My new job combined with not having access to a computer to actually type has really taken a toll on my blog posts, lately. It just hasn't been the same. But, oh well. I'm going to reflect a little bit more on the 2013 elections before I start looking toward the 2014 elections.
Alabama's 1st Congressional District: In what some political commentators have noted as a considerable strike against the Tea Party, the establishment backed Republican candidate Bradley Byrne defeated Tea Party upstart Dean Young in the Republican primary of a very conservative district and will almost certainly be the newest Congressman from Alabama.
Byrne had received endorsements from the traditional players from the Conservative movement, in the U.S. Chamber of Commerce, Washington establishment including House Majority Leader Eric Cantor and Majority Whip Kevin McCarthy. He outraised Young nearly 2:1 but only beat him 52.5%-47.5%. Young announced that he would not support Speaker John Boehner and that Barack Obama was born in Kenya.
Traditional conservative players, such as the Chamber of Commerce, are likely to open their wallets during the Republican primaries in 2014 to help keep establishment Republicans in power, as long as they can. Does this mean that the TEA Party is dead? Not by a long shot. They may still be able to win in Conservative districts where they primary their targets. But they are no longer the only ones wanting to get involved in the messy game of primarying the incumbent.
TEA Party incumbents, such as Justin Amash and Kerry Bentivolio will be primaried from the center of the party. The good news for the TEA Party is that their groups have the appearance of grassroots and may able to change quicker than those relyin gon the establishment model. The other good news is that the TEA Party knows the message it wants to send in the primareis, as they've done it for a few election cycles now. The traditional players are not used to it and the edge in the primaries still might favor the TEA Party Republicans in the near future.
Washington: Voters in the state of Washington became the latest to reject labeling of GMO's on food products. In 2012, voters in California rejected a similar measure. The advertising campaign led by food companies, General Mills, Nestle USA, PepsiCo, Coca Cola, and Monsanto, effectively swayed voters into believing that the labels would raise grocery prices to unaffordable levels.
Monsanto, who spent $5 million in advertising against the law, has created biotech corn, soybeans, and other crops that pop up in a number of food products. All in all, opponents of the measure spent $46 million in a successful effort to defeat the measure. The advertising campagin remains successful and as more states try to put this type of law through the ballot box, you'll likely see more and more of the same advertisements.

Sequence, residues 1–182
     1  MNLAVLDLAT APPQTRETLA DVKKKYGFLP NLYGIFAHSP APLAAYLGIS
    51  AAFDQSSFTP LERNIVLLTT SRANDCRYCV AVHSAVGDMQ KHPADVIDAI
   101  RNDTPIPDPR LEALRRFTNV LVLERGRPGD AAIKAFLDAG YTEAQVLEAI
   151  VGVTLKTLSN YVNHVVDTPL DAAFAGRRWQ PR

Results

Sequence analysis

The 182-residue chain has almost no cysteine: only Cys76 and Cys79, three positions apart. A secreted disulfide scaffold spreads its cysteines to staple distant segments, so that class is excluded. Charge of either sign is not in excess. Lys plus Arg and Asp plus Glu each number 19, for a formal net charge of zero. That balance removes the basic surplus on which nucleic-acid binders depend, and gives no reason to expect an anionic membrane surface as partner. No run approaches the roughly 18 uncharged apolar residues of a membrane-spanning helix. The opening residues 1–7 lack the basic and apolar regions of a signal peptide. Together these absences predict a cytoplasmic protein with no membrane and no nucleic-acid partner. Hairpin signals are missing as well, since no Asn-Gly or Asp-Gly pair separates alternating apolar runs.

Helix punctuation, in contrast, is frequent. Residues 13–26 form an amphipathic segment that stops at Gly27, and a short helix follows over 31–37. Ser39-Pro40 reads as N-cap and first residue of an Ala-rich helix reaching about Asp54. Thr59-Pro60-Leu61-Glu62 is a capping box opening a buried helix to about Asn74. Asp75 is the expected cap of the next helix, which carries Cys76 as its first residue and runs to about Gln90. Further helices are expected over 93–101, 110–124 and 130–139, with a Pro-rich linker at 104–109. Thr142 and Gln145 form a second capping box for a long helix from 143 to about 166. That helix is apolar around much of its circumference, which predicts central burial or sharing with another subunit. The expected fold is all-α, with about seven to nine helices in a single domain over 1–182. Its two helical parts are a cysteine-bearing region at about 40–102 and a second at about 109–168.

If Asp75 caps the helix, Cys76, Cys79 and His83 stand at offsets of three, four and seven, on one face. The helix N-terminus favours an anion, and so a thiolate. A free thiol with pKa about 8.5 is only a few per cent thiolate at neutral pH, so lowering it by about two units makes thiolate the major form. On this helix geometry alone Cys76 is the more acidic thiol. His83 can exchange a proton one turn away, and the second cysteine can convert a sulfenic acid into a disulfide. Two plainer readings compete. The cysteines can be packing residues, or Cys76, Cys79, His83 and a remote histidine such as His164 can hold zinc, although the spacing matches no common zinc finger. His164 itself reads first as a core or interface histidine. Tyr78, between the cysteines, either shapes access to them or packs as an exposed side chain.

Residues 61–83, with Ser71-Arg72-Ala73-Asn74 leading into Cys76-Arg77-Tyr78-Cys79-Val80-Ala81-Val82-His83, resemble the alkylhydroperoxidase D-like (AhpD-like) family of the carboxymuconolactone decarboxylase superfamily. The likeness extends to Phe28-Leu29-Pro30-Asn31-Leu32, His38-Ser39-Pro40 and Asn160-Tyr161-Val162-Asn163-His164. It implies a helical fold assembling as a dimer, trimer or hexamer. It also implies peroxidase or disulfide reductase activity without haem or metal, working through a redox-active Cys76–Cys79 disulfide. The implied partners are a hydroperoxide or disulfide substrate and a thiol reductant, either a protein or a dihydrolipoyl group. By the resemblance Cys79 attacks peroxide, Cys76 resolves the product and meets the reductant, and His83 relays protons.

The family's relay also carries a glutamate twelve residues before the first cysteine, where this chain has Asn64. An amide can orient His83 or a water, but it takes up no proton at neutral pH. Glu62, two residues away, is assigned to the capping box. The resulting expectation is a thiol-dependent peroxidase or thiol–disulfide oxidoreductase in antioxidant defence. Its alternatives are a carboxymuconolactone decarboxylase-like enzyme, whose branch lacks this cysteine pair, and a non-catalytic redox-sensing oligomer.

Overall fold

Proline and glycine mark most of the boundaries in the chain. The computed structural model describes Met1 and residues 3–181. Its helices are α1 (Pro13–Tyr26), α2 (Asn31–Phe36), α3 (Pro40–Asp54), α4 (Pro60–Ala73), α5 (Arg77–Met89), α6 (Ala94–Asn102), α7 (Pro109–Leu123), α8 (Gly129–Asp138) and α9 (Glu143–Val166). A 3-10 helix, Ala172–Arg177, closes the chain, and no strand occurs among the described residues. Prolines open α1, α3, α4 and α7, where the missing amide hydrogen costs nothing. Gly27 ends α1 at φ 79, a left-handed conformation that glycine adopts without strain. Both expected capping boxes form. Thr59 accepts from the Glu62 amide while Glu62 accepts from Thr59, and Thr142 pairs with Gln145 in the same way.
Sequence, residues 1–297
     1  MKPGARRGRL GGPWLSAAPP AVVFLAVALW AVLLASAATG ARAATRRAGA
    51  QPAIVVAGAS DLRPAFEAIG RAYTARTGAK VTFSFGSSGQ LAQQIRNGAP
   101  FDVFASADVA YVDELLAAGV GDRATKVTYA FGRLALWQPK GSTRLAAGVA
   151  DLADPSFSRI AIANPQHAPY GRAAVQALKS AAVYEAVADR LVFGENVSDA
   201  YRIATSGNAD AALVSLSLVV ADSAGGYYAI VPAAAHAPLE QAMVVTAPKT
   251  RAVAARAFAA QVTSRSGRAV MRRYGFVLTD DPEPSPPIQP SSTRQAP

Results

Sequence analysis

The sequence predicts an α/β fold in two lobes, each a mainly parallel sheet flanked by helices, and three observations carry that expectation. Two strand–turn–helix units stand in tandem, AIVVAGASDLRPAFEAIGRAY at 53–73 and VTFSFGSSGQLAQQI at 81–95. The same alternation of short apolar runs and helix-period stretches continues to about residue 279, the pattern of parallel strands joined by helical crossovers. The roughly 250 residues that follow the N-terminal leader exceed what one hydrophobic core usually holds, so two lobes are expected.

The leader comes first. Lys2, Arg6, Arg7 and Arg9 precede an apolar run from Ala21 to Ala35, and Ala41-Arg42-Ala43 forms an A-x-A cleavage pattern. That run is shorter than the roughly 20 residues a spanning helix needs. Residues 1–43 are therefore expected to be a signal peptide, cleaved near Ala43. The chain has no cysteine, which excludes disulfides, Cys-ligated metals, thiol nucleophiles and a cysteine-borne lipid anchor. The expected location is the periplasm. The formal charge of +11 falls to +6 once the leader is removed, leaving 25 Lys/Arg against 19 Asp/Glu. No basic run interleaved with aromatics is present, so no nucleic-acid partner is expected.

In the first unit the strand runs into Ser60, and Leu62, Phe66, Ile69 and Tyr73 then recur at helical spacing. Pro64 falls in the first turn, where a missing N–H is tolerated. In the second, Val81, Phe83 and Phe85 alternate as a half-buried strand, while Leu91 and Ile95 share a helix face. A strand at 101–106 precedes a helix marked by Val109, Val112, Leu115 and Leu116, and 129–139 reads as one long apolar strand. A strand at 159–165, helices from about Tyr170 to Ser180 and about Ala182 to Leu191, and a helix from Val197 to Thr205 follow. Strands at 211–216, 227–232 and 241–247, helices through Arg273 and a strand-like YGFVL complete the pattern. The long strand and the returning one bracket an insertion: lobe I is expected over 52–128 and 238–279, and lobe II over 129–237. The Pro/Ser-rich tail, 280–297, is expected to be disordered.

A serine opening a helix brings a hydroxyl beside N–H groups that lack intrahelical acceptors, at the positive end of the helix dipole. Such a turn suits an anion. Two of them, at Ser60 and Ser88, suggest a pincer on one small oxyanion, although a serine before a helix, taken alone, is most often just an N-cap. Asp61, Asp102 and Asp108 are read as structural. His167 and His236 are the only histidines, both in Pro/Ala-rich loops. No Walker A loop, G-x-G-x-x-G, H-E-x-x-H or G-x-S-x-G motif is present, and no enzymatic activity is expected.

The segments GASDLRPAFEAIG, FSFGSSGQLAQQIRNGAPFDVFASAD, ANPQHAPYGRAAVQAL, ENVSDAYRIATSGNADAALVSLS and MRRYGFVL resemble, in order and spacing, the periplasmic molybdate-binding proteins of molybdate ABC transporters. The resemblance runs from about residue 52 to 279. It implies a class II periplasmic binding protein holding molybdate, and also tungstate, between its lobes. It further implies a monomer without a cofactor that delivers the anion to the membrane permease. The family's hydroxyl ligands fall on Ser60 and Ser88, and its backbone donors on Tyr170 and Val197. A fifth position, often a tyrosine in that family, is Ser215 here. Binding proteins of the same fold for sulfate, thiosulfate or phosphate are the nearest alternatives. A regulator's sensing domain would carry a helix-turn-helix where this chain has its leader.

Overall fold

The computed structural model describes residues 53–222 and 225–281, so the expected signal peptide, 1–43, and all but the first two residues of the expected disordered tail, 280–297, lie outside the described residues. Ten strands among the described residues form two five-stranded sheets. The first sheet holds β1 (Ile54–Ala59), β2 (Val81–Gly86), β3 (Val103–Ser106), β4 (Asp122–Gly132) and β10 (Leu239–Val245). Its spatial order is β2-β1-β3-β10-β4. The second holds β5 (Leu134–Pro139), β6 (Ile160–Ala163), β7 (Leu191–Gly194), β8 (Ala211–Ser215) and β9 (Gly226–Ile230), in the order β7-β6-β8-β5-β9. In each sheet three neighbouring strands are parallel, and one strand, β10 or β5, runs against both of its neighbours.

The claim is that labeling GMO's will increase costs to the consumer by an average of $350 or $400 per year for an average family household of three people. But, of course, as Consumer Reports notes, that depends on the assumptions you make. The increase would come IF companies IMMEDIATELY switched to organic or all-natural products because, that's actually expensive. But just labeling the food? There's no proof, looking at the other countries that have passed labeling laws that mere labeling would raise food prices.
Many people would still buy the products even with the GMO label on them because they might just want to throw it in the face of the liberals who support the measure but also because it's cheaper. But even if they don't, Consumer Reports and I agree, that the market would adjust to changes. If nobody is buying the genetically engineered food, it's not like the food companies are going to stop making money. They will simply adjust and buy crops that are no longer genetically modified.
But the real rub is this: Food companies spent upwards of $30 million to defeat this law. Instead of spending this money to defeat the law, they could have spent the money already beginning to switch to organic or non-genetically modified foods. But they didn't. Nobody is calling them on it. But whatever. The more that the average company shareholder can convince the average person that it's in their best interest to support what's best for the bottom line, the more we'll see people reject these measures.